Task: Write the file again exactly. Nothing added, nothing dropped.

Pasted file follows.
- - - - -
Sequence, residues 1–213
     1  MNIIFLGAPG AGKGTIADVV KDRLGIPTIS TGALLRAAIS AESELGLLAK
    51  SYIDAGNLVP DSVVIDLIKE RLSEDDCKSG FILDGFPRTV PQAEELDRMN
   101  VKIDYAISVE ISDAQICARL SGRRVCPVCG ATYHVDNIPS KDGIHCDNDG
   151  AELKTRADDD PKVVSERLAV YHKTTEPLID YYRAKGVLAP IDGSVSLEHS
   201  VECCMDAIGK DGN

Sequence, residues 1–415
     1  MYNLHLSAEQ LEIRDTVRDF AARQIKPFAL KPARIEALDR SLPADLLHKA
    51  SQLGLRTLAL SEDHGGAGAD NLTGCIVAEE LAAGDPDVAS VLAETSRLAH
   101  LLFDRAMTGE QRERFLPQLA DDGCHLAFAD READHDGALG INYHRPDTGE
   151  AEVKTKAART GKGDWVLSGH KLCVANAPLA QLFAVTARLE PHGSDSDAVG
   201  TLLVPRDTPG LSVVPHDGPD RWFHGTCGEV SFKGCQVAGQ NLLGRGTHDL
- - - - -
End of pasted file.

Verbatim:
Sequence, residues 1–213
     1  MNIIFLGAPG AGKGTIADVV KDRLGIPTIS TGALLRAAIS AESELGLLAK
    51  SYIDAGNLVP DSVVIDLIKE RLSEDDCKSG FILDGFPRTV PQAEELDRMN
   101  VKIDYAISVE ISDAQICARL SGRRVCPVCG ATYHVDNIPS KDGIHCDNDG
   151  AELKTRADDD PKVVSERLAV YHKTTEPLID YYRAKGVLAP IDGSVSLEHS
   201  VECCMDAIGK DGN

Sequence, residues 1–415
     1  MYNLHLSAEQ LEIRDTVRDF AARQIKPFAL KPARIEALDR SLPADLLHKA
    51  SQLGLRTLAL SEDHGGAGAD NLTGCIVAEE LAAGDPDVAS VLAETSRLAH
   101  LLFDRAMTGE QRERFLPQLA DDGCHLAFAD READHDGALG INYHRPDTGE
   151  AEVKTKAART GKGDWVLSGH KLCVANAPLA QLFAVTARLE PHGSDSDAVG
   201  TLLVPRDTPG LSVVPHDGPD RWFHGTCGEV SFKGCQVAGQ NLLGRGTHDL